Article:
Business News Digital

Pledge co-founder comments on sale attempts as liquidation begins

By | Published on Friday 2 August 2019


PledgeMusic co-founder Benji Rogers has posted a statement about the various attempts to rescue the crowd-funding and pre-order platform that occurred before a winding up order was granted for the UK Pledge company by the high court in London on Wednesday.

Rogers was no longer working for the company he co-founded when it first admitted it was experiencing financial problems last year. He then returned on a voluntary basis earlier this year as those financial problems escalated, forcing the company to suspend operations.

It was hoped that a buyer could be found for the Pledge business that would be willing to make good on some, or preferably all, of the monies that were owed to artists who had used the company’s website to run crowd-funding and pre-order campaigns. It’s thought various entities expressed an interest in acquiring the firm, including one major label. But in the end no deal could be done.

After the Pledge website was replaced with a simple text statement last week, it emerged that the company’s board had submitted a petition to wind up the UK-based Pledge company back in June. The high court granted a winding up order on Wednesday, meaning the company’s affairs will now be handed over to the Official Receiver, a government official who will sell off the firm’s assets and, with any monies raised through that sale, pay off creditors.

In a message sent to artists and managers, and subsequently posted to Facebook, Rogers says that, although legal papers were filed to initiate the liquidation process in June, efforts to find a buyer for the company continued until earlier this week. Had any potential deal come through, the liquidation would have been called off, and the company likely been put into administration to allow a restructure ahead of a sale.

Confirming his voluntary consultancy with Pledge was now over, the official receiver being in control of the business, Rogers wrote: “This was not the route that I personally wanted for PledgeMusic and I wanted you to know that the last line of the many options that I had to get a sale of the company in administration was cut on the evening of the 28 Jul by text. This was the last viable option that I personally had after all previous attempts failed”.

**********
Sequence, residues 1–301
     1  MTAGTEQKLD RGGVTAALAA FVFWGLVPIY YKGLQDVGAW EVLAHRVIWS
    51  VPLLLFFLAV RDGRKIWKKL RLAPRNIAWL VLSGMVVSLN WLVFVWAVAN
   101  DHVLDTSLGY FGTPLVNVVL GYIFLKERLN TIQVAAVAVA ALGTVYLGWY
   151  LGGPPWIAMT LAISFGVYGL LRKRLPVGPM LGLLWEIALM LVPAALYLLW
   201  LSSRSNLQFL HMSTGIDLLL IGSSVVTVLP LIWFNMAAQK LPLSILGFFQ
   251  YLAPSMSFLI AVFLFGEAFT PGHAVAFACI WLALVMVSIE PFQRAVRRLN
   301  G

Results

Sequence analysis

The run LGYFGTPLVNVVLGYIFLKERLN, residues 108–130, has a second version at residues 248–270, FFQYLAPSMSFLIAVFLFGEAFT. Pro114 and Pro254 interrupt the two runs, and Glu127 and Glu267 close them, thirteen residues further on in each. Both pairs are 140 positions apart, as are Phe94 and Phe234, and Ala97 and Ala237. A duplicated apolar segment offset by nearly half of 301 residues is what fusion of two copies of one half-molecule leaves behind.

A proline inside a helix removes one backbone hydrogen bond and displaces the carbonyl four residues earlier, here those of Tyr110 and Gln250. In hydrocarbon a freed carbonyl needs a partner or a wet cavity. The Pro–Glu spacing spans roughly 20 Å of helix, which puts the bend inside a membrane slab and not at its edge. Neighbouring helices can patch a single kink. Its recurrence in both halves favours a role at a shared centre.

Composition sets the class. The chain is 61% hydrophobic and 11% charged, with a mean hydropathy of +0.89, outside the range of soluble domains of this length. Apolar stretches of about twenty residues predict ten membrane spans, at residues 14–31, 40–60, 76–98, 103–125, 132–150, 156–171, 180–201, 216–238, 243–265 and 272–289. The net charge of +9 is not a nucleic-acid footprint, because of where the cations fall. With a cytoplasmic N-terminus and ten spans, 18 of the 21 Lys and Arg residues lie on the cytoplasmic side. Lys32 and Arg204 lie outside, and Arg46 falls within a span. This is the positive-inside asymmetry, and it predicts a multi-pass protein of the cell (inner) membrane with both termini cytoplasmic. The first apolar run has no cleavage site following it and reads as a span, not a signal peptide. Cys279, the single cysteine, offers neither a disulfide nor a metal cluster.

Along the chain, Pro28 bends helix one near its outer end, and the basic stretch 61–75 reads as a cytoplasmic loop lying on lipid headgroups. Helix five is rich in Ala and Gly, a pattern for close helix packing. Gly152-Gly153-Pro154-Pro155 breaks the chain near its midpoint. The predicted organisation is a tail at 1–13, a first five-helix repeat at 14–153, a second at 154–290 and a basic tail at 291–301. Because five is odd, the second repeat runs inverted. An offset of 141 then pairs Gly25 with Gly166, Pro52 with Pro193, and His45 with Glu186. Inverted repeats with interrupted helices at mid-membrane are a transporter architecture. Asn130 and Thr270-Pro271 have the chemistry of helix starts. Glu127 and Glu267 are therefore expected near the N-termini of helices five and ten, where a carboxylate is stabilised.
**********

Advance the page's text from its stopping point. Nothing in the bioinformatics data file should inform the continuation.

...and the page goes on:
He went on: “I would have given anything to have found the company a home, and it breaks my heart that you artists and your fans, who did not deserve to be put in this situation in the first place, have been left without what should rightfully be yours. I will forever wonder if I could have done more in my limited role as a volunteer, and I wish that the company would have been more forthcoming with information. The vacuum created wild speculation and misinformation which ultimately, I believe hurt this process. We will never know”.

Although it seems likely that the Official Receiver will now wind up the business, getting whatever money can be got by the sale of any assets, Rogers concluded: “I sincerely hope that the Official Receiver can find a buyer who will make right all of or at least some of what is owed to you and I will make every attempt to help that effort should it be asked for. I will look to get next steps put on the website as soon as I have them from the Official Receiver and am once again deeply sorry that I couldn’t pull off a sale which was always the preferred and best path for all involved”.

Cross-sector trade body UK Music has asked the British government to consider encouraging the Competition & Markets Authority and/or Financial Conduct Authority to investigate what went wrong at Pledge. The trade group says that the regulators should ascertain if any laws were broken, and consider if there is anything that can be learned to ensure other crowd-funding operations don’t likewise collapse in a way that leaves those who raised money via such a site out of pocket.